By Timothy Parros, Lisa Schmidt, Victoria Berels

We have heard some of our students tell us that when they visit colleges that it might be possible that there is no one ‘perfect college’ fit. It is because of this that, after years of telling our students that they will know if the college is right when they visit, we have come to the conclusion that New York Times bestselling author Malcolm Gladwell might be onto something about the study of choices. We are referencing his now famous Ted Talk about Howard Moskowitz’s research on happiness and spaghetti sauce. You might be wondering, what does spaghetti sauce have to do with picking a college? Essentially, Gladwell argues, there are several different combinations of attributes that can appeal to different people. Can we apply this same Gladwell thinking as our students start their college tours? Yes, we believe that we can. We are challenging our students to take this one step further, to look at all of the influences that make up their choice of colleges, perhaps thinking of each as a different type of spaghetti sauce!

Our point is this, when you are in the midst of your college tour, and the student guide is not connecting with you, one might look at the college in a different light. Perhaps everything that they are telling you about the college is not important to you and your prewritten list of “must haves at my college.” On this tour, you have disappointingly not checked all of your boxes. Our advice is to not judge the college on a visit that might not have been everything you wanted it to be. As you tour, you might find several colleges that seem to be a good fit, though chances are none of them will be 100% perfect. Added to this is the looming fact that you must balance your warm and fuzzy feelings with price and affordability, and in the end you might have to look at financial fit above all other factors. All of these factors are why we meet with our families to talk about understanding your expected family contribution (EFC), as well as what the total price will be to get your four-year degree. Now is the time that you understand which schools you can afford and have to determine does the slipper still fit?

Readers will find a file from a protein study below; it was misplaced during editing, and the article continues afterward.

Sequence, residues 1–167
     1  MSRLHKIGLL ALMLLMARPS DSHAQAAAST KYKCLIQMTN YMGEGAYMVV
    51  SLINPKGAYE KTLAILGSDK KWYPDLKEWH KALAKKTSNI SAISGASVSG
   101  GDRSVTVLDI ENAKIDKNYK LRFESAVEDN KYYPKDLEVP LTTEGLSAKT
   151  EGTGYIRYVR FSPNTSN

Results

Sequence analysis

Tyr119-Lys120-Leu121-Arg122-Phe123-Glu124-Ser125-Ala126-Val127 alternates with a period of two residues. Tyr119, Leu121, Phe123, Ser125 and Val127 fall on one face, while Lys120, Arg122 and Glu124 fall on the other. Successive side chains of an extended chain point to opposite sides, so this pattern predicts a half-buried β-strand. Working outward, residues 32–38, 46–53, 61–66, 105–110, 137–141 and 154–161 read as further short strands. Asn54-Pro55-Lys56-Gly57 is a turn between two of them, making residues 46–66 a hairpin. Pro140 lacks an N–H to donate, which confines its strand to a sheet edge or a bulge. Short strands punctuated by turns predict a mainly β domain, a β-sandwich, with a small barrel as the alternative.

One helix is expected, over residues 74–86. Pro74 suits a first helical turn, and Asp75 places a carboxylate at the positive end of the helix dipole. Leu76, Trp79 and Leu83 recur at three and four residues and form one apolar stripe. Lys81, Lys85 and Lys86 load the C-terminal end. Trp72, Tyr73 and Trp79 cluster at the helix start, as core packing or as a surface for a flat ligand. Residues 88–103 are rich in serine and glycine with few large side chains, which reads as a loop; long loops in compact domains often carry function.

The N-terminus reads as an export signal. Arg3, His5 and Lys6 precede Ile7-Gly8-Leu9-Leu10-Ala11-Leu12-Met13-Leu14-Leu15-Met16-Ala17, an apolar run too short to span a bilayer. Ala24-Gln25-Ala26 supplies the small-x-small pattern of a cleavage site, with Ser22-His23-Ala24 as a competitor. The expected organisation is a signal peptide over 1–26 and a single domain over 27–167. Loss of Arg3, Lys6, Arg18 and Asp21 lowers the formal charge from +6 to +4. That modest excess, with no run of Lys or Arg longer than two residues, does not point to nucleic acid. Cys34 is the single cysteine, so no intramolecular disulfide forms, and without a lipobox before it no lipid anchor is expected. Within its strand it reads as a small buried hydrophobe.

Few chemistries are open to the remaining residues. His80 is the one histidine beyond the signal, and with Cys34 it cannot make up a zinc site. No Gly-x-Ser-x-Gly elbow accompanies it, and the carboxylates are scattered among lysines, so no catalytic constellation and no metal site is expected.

Our advice to those students that didn’t get the warm and fuzzy feeling first visit is to look at the school on paper, don’t rule them out, and evaluate if the majority of your ‘must haves’ are checked. Keep in mind that students can build relationships and good memories through an environment that is a best fit to their check boxes, not only those colleges that they thought had the best feel. We are also assuming that the college has your program and that it will help you reach your goals in life.

On the flip side, if you are one of the lucky students that all of the pieces to the college puzzle fall into place, then you visit and you have developed your college list well. In our experience, we find that most of our students don’t actually know what they want in a college. This is exactly why we spend so much time analyzing what factors are most important to our students. We still like to start our students exploring a list composed of  two safety schools (schools that meet 50% of their want list that they can get into), two to four good match schools, and finally two reach schools. In the end, it is best to understand the complete picture of where you can make your next home for four years based on price, value, and find a school that checked the majority of your boxes. This is a great time to schedule an appointment with Parros College Planning to determine these very important factors that are unique to your student.

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